Tuesday, October 12, 2004

The Tools of Mischief

In one of my earlier blogs, I touched on the current furore over software patents and wondered whether anyone was making any suggestions to fix the problems.

Now, Groklaw has posted a fairly reasoned article by Craig A. James on this topic. He lays out the problems with the current US patent system, as he sees it, and then makes some suggestions about what to do about it.

James makes a couple of very good suggestions (limiting patent lifetimes, requiring that a patent be actively developed to stay valid, disallowing retrospective damages), but others aren't very practical. Nor, I think, are some of the examples he presents for allowing patents particularly good ones. (So Zantac prevents stomach ulcers, eh? It also represents a lot of investment: an investment that nearly prevented someone from investigating further and discovering the real cause of the problem: H. Pyelori bacteria, which can be cleared up by a cheap course in antibiotics.)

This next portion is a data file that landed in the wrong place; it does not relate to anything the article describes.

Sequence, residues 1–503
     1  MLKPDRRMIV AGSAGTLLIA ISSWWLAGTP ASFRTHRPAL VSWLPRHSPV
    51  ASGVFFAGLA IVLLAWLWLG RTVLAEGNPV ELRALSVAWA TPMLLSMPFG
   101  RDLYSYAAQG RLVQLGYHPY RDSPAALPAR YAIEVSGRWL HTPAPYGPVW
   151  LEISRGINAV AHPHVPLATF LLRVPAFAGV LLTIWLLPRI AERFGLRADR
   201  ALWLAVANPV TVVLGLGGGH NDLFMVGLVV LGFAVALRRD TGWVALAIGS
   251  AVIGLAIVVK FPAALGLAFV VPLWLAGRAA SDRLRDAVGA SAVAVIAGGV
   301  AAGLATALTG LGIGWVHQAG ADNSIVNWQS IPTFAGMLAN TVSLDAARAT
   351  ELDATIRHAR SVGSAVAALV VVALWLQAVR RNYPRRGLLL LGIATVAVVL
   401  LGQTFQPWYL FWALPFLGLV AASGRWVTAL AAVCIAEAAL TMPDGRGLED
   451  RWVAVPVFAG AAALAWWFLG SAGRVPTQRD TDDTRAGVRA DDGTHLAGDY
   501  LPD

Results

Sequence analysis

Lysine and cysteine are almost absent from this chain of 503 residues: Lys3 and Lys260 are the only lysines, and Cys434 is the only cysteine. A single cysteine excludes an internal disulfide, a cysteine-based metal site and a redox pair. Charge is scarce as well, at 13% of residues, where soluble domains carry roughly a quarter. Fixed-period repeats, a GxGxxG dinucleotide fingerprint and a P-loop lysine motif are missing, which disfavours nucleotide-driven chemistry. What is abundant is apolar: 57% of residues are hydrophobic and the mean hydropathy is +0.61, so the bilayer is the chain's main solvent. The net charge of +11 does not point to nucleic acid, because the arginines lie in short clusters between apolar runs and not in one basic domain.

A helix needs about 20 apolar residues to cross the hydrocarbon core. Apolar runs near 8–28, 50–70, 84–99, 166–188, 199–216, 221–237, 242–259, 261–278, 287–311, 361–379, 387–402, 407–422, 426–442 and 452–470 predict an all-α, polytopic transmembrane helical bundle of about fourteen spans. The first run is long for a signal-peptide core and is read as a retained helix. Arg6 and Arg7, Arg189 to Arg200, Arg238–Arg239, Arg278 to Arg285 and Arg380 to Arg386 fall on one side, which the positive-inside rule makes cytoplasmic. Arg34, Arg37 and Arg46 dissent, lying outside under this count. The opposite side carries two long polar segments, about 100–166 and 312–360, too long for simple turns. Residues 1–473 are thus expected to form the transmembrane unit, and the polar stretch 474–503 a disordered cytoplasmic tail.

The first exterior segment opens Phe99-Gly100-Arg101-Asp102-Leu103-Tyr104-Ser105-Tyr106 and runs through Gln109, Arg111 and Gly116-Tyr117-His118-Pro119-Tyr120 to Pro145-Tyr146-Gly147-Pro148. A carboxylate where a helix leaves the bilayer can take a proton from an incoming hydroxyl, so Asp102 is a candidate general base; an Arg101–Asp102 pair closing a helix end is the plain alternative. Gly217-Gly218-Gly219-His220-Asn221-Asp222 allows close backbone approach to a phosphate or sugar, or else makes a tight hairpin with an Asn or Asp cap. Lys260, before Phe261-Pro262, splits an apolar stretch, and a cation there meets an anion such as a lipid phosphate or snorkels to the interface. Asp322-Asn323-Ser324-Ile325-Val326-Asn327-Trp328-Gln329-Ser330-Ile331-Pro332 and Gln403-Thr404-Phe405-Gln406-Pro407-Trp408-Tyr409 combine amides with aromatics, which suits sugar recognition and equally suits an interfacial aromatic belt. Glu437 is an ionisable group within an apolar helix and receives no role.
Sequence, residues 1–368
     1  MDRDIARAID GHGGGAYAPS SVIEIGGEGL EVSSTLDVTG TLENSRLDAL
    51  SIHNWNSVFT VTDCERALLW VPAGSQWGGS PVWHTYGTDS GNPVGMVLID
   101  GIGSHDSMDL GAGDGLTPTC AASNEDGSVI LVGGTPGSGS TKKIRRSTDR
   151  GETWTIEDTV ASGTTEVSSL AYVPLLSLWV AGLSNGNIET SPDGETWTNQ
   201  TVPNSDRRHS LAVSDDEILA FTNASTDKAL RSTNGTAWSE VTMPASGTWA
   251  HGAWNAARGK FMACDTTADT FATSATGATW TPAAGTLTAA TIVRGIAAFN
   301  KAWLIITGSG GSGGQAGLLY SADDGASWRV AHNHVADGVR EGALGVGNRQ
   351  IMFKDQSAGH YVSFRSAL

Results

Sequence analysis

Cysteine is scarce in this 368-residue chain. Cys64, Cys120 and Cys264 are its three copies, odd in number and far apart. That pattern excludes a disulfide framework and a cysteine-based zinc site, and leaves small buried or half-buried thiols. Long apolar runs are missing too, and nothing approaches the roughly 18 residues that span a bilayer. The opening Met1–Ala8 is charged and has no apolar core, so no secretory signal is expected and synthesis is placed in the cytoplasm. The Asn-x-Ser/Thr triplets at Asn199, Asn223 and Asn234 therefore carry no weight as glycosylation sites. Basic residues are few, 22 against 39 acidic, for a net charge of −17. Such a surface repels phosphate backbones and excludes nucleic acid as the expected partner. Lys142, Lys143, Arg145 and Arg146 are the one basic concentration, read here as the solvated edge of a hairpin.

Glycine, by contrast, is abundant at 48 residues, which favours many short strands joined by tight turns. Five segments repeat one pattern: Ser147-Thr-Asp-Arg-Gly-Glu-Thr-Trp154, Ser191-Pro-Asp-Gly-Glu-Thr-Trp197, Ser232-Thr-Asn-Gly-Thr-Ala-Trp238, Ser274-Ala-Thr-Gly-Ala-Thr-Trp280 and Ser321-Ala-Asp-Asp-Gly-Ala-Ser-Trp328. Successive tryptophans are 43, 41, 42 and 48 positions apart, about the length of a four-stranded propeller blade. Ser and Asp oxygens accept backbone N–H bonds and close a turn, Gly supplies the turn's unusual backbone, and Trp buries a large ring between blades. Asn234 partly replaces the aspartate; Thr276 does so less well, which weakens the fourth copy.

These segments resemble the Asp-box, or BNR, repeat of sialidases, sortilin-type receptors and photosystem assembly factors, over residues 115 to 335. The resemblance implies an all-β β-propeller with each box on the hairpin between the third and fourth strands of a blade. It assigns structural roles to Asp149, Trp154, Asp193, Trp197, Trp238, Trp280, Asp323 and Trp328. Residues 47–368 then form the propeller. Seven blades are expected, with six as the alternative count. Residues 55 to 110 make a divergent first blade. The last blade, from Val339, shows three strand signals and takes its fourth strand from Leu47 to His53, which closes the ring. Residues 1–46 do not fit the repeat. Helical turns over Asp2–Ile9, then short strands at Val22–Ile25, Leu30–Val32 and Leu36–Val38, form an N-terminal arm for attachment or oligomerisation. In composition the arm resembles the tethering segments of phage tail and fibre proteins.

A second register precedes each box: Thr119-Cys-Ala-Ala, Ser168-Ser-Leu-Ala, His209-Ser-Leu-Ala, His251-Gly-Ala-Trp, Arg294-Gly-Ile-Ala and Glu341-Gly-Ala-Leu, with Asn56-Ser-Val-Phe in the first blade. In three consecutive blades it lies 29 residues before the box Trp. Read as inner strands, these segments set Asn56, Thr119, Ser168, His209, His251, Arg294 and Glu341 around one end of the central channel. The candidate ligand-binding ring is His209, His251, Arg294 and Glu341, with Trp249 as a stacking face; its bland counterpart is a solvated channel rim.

To be honest, my view is that, whatever their historical value, patents have become nothing more than tools of mischief and outright extortion.
  • A system where it is just about impossible to tell whether you can blow your nose without risking litigation (' a method of clearing the mucus from sinuses via compressed air...') is plain wrong.
  • A system that disallows others from adding improvements ('if we could compress the air by pinching the nose...') is plain silly.
  • A system that allows certain types to sit back and extort others who've put a lot of independent effort into a problem (' I want royalties on all those hankies you've been producing, buster!') is plain malicious.
No, I think patents should be scrapped. Completely.

But let's be realistic: the revolution isn't going to happen anytime soon (and, as inspirational as they may appear, I don't think many students of history would recommend revolutions as the way forward!). If the patent system is to be fixed at all, then the work has to start somewhere. James' article is a good a spot as any.


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